Office Realty Comes Full Circle
PE inflows into office realty indicate renewed confidence in the asset class; value of funds in 1H2016 has already crossed the total seen in 2015
Anuj Puri – Chairman & Country Head, JLL India
When we analyze the distribution of private equity (PE) funds across various asset classes from 2010 to date, the sector-wise distribution is a good indicator of how investors viewed each of them at different times, based on their performance during those particular periods.
Immediately prior to the global financial crisis (GFC) in 2007-08, the office market was blazing with healthy leasing transactions and bustling construction activity. However, all this traction came to a virtual standstill as the GFC erupted, leading to a host of unfinished buildings and a perceptible lack of space demand. Consequently, there was a sharp decline in office market rents and capital values over the subsequent periods.
Even before the office sector began to come out of the woods and display some green shoots of recovery in 2011, the residential sector had already picked up the slack and was driving the industry forward. Increase in new project launches, sales and price appreciation became the norm and there was enhanced investor activity as well. The asset class became the darling of institutional and private equity investors who were looking to make good their losses from the commercial office sector.
That said, some strategic investors did realise the growth potential that commercial office asset class had in the long-term in India, and that the lull was a temporary one as occupier activity would again emerge stronger when India regained its edge as a preferred back-office destination and also becoming a bigger centre for high-end software development and financial services. These investors banked on the lower capital values and high yields for rent-yielding assets in 2010 and its upside potential.
In 1H2016, the total of PE inflows into office realty has crossed the annual total seen in 2015. It may even cross the previous five-year high seen in 2014. It, however, still remains way behind the residential asset class, which still gets the maximum share of PE inflows into real estate as a whole. Whether 2014 (when office overtook residential as PE funds’ favourite) will repeat again, still remains to be seen. However, it is clear that the PE momentum seen in recent years in this sector looks set to continue.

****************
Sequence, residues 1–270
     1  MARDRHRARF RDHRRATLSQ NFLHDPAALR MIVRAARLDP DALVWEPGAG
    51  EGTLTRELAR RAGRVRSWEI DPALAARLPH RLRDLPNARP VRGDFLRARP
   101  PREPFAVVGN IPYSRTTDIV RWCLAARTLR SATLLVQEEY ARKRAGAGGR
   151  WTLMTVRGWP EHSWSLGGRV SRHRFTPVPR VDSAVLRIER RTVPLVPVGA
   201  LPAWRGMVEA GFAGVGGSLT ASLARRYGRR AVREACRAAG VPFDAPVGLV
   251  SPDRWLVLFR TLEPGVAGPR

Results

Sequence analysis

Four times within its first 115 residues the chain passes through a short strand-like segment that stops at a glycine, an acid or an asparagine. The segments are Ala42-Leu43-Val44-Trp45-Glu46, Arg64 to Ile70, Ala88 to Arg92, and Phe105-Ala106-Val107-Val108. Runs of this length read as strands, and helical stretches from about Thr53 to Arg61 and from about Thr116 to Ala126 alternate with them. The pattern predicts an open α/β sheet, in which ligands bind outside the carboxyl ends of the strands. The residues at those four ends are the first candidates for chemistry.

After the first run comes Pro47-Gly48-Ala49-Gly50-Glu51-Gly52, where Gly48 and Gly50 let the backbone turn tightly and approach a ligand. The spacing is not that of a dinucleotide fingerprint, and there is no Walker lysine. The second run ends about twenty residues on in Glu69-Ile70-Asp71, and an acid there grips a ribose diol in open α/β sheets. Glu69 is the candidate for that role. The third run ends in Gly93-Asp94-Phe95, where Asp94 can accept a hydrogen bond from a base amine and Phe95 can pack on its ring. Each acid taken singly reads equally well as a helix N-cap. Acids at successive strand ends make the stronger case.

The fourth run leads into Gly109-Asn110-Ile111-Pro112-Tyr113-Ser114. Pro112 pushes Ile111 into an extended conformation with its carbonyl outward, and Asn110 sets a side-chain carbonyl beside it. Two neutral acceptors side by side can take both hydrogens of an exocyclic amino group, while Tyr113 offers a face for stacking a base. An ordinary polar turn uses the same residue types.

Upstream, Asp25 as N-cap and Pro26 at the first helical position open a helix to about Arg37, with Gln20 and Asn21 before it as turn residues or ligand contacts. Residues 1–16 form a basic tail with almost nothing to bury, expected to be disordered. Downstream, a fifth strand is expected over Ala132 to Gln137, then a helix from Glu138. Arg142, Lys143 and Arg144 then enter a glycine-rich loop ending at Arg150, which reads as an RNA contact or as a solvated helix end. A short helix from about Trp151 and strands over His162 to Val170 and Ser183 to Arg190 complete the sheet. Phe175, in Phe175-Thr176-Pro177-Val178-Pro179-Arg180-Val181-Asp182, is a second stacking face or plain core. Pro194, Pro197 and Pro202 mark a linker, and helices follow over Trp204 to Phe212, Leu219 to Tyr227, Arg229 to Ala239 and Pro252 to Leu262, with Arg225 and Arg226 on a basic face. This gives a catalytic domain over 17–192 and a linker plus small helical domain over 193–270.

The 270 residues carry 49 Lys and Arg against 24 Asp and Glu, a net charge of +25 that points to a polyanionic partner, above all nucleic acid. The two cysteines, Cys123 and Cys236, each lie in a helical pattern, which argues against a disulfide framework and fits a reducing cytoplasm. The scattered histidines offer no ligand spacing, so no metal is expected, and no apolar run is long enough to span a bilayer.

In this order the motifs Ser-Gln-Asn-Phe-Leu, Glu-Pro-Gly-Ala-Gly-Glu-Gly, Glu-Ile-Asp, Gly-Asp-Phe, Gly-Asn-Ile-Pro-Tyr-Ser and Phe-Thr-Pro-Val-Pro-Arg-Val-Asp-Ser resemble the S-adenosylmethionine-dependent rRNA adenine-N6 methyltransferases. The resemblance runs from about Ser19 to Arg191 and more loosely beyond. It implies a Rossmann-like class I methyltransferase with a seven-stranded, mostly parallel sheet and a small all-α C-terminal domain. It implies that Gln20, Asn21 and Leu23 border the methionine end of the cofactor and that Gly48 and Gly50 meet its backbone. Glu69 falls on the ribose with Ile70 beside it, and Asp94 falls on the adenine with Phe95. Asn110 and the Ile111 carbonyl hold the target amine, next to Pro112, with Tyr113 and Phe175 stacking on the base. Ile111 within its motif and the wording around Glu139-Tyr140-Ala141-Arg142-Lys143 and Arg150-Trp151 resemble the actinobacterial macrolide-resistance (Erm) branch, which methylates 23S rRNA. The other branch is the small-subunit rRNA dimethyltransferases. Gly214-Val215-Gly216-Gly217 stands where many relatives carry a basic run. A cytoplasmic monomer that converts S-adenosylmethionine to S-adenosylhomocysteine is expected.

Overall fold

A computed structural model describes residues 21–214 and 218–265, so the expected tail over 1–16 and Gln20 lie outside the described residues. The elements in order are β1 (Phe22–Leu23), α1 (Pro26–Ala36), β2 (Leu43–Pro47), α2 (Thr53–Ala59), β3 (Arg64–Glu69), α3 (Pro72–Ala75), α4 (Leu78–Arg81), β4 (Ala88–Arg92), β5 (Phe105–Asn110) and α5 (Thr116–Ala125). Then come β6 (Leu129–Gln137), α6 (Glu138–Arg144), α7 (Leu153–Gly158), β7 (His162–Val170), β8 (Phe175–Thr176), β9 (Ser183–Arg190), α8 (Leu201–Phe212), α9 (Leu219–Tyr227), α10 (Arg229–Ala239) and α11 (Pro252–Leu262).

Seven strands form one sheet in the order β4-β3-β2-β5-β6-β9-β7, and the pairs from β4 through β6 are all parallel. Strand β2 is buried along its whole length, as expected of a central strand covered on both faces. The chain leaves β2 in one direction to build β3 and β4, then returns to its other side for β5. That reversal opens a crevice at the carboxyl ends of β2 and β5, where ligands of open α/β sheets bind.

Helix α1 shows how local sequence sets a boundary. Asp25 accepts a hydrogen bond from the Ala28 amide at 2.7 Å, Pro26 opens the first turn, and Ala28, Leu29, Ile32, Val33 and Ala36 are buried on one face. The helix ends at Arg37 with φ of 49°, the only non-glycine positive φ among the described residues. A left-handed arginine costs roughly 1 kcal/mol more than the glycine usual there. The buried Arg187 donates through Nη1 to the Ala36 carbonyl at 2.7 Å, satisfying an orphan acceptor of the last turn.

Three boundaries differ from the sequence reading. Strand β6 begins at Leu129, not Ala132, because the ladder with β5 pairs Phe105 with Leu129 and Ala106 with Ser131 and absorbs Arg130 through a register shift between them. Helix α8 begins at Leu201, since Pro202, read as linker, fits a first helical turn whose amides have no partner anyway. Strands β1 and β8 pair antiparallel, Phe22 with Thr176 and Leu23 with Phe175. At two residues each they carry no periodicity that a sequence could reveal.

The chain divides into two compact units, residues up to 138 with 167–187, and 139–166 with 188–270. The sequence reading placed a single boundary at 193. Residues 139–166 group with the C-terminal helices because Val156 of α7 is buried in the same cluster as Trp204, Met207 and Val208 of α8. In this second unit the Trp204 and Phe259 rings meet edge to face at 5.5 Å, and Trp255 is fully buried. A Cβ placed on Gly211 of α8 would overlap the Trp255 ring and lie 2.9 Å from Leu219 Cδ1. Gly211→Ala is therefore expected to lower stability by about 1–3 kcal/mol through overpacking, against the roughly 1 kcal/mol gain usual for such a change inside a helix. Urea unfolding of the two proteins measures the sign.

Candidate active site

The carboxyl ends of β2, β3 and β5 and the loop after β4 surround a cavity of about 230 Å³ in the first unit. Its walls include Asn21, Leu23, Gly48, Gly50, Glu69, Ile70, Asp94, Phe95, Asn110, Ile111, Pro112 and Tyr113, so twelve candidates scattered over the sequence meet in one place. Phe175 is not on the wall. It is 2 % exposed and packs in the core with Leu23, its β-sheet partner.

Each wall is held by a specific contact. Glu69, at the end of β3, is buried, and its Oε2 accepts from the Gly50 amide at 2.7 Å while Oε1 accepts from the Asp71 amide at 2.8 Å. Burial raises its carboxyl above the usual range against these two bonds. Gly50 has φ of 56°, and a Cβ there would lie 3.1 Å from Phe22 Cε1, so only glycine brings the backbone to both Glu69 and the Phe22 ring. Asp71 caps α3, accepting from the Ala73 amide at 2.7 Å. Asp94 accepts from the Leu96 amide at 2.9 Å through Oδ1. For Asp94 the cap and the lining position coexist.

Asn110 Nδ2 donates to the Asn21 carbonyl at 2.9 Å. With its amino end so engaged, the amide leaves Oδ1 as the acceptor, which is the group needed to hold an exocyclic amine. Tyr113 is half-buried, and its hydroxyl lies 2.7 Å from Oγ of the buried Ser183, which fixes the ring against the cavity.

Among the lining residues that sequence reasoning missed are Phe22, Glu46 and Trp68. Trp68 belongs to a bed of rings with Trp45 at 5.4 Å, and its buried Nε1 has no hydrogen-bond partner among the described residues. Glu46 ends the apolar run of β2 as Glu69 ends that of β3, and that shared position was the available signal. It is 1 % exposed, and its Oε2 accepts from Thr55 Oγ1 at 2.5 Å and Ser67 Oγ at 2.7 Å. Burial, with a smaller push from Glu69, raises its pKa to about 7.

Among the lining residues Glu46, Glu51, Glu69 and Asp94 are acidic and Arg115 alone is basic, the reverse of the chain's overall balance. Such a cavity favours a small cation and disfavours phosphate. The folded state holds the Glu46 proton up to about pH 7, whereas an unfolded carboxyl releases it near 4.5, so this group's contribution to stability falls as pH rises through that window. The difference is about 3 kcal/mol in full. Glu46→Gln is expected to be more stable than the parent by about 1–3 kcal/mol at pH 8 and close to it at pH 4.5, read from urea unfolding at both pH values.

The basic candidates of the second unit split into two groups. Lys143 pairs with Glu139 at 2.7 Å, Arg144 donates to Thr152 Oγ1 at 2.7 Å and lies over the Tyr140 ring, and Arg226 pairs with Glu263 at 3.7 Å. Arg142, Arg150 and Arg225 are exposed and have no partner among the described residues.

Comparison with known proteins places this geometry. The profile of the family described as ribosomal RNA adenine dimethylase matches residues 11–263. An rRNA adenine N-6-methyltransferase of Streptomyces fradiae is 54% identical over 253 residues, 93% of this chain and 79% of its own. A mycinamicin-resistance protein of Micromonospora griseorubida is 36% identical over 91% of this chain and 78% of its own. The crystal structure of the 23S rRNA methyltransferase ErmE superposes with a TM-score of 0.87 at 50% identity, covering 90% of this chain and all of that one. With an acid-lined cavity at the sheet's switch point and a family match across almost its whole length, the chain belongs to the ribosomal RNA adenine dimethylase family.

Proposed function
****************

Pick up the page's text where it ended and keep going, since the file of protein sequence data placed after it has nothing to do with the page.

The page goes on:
|Year||IT & Commercial||Total|
|Year||Investor||Investee company||Asset Class||City||Investment (INR cr)|
|2016||RMZ Corp & QIA||Essar Group||IT & Commercial||Mumbai Region||2,400|
|2016||Edelweiss||Manyata||IT & Commercial||Bangalore||450|
|2016||Blackstone||Salarpuria Group||IT & Commercial||Hyderabad||450|
|2016||GIC||Brigade||IT & Commercial||Chennai||330|
Large investors keen to look at equity positions again
What is also interesting to note here is that equity flows in the commercial sector turned stronger, indicating that large investors are keen to look at equity positions again, although the right asset remains a key consideration. The increasing share of equity financing is a key indicator that investors are looking to become project partners and points towards their strong positive sentiments for commercial assets.
A major consideration in recent times for commercial assets has been the REITs guidelines and further incentives from the government to support REIT listings.
On the other hand, in the last three-four years, equity flows have reduced in the residential sector and made way for largely debt and structured instruments. This is due to the relative slowdown that this sector has faced over the past two-three years, which had made investors somewhat conservative by turning to construction debt, last mile funding and receivables bundling to ensure that their investments were protected against the lien of the asset.